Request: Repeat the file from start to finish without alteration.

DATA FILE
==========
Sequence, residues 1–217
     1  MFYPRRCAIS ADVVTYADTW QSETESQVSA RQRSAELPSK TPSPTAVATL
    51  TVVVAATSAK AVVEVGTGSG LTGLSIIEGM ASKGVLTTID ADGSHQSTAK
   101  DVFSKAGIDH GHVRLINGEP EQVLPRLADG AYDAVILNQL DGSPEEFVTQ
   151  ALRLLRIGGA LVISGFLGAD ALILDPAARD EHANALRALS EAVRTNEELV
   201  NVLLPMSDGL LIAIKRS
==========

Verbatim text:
Sequence, residues 1–217
     1  MFYPRRCAIS ADVVTYADTW QSETESQVSA RQRSAELPSK TPSPTAVATL
    51  TVVVAATSAK AVVEVGTGSG LTGLSIIEGM ASKGVLTTID ADGSHQSTAK
   101  DVFSKAGIDH GHVRLINGEP EQVLPRLADG AYDAVILNQL DGSPEEFVTQ
   151  ALRLLRIGGA LVISGFLGAD ALILDPAARD EHANALRALS EAVRTNEELV
   201  NVLLPMSDGL LIAIKRS